Now, as you wind up the road into Castellaneta, at one end of a belvedere overlooking the valley below, you come upon a larger then life-size, ceramic statue of a desert sheik dressed in a bright-purplish blue robe with a white headdress. To complete the ensemble, there is a vertical stone slab standing beside it with a ceramic tablet attached which has incised into it an outline of film impedimenta, such as movie camera and a movie reel, all brightly colored in reds, yellows, oranges and blues.
Hometown Valentino fans had to wait until 1961 before this memorial was finally erected —and this one isn't at all like the beautiful bronze bust of Valentino that arrived in 1928, two years after his death. That one was sent by a group of devoted Italian-Americans who also sent a check to cover the cost of installing it. For one reason or another, the bust was never displayed, and not much later both gifts mysteriously disappeared. It would be nice to believe that one day, in some deserted shed or in some dark corner of a basement, someone might unearth a bronze likeness of the Sheik of Castellaneta. Probably a more realistic guess is that it was melted down during one of Mussolini's wars.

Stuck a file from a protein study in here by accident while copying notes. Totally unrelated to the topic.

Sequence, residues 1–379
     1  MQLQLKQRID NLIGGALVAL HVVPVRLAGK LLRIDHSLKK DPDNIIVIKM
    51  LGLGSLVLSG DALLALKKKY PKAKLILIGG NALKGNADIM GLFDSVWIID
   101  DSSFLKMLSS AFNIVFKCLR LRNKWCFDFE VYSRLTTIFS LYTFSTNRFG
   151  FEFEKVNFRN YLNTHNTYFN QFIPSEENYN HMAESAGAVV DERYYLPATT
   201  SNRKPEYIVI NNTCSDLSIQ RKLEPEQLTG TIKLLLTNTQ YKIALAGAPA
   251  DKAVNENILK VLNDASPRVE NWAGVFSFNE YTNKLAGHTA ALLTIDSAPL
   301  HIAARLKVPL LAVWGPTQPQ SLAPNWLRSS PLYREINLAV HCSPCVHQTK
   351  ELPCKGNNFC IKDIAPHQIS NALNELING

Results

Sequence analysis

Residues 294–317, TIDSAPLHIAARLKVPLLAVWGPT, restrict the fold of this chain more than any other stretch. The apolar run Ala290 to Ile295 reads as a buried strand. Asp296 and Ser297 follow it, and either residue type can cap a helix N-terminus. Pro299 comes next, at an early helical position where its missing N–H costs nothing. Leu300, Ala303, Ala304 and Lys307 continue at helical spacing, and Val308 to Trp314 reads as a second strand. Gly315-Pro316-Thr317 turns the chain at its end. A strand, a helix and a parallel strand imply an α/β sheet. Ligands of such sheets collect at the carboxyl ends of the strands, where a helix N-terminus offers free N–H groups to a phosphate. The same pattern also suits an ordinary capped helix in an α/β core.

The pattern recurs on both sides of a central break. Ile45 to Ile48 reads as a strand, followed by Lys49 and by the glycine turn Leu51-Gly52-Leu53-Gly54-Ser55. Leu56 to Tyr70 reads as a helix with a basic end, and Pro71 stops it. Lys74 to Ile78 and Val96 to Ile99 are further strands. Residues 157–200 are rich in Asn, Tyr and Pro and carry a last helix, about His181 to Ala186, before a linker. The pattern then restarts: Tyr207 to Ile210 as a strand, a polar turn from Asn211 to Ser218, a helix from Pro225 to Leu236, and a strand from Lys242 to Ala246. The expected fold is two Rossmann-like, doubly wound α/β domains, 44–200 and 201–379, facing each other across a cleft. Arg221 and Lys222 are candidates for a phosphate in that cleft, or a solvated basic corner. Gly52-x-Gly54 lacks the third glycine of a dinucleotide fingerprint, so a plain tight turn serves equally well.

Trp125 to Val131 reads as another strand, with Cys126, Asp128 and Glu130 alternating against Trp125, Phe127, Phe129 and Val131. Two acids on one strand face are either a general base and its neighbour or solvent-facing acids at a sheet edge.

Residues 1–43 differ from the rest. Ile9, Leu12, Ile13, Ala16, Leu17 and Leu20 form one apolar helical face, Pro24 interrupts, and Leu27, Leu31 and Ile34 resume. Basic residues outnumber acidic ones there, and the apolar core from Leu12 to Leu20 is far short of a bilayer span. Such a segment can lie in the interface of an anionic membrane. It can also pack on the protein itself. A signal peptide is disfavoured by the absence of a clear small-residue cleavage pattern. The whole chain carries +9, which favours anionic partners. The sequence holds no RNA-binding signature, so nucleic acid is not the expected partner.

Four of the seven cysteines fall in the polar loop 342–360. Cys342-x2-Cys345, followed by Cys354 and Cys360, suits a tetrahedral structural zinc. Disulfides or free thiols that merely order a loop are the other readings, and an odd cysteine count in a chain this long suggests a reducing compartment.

Castellaneta is in ceramic country. The nearby village of Grottaglie, has been the ceramic capital of the area for 2000 years. So perhaps it is not surprising that the statue of Valentino is fashioned in ceramic. As to its artistic merit, you will have to decide for yourselves. Some may view it as a genuine expression of local folk art; others may decide it is just some ghastly, garish mistake. Certainly, it is unique!Any adventurous travellers who take the turnoff to Castellaneta, along the main highway between Taranto and Metaponto, shouldn't fail to stop for a bit of refreshment at the Bar Rudi once they arrive. Also, if they are truly devoted pilgrims, and are of the right sex, they can even get a haircut and a shave at the barber shop called, "Basette di Valentino" ("Whiskers of Valentino"). However, the most moving tribute to the Sheik of Castellaneta is to be found right up the street from the ceramic figures. It is a very graceful, pretty, decorated bronze plaque attached to the wall of the modest house in which he was born. It was commissioned and erected in loving memory by the Rudolph Valentino Fan Club of Cleveland, Ohio.